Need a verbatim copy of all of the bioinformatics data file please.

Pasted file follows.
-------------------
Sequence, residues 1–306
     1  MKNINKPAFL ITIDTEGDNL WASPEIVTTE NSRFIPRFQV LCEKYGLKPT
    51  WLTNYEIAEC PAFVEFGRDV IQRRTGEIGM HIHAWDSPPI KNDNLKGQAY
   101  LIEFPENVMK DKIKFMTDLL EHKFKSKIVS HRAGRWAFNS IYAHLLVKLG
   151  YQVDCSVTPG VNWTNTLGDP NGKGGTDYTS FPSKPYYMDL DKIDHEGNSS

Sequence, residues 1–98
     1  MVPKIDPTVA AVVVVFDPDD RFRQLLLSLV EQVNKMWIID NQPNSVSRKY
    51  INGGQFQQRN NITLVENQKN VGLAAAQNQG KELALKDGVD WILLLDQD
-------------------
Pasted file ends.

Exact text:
Sequence, residues 1–306
     1  MKNINKPAFL ITIDTEGDNL WASPEIVTTE NSRFIPRFQV LCEKYGLKPT
    51  WLTNYEIAEC PAFVEFGRDV IQRRTGEIGM HIHAWDSPPI KNDNLKGQAY
   101  LIEFPENVMK DKIKFMTDLL EHKFKSKIVS HRAGRWAFNS IYAHLLVKLG
   151  YQVDCSVTPG VNWTNTLGDP NGKGGTDYTS FPSKPYYMDL DKIDHEGNSS

Sequence, residues 1–98
     1  MVPKIDPTVA AVVVVFDPDD RFRQLLLSLV EQVNKMWIID NQPNSVSRKY
    51  INGGQFQQRN NITLVENQKN VGLAAAQNQG KELALKDGVD WILLLDQD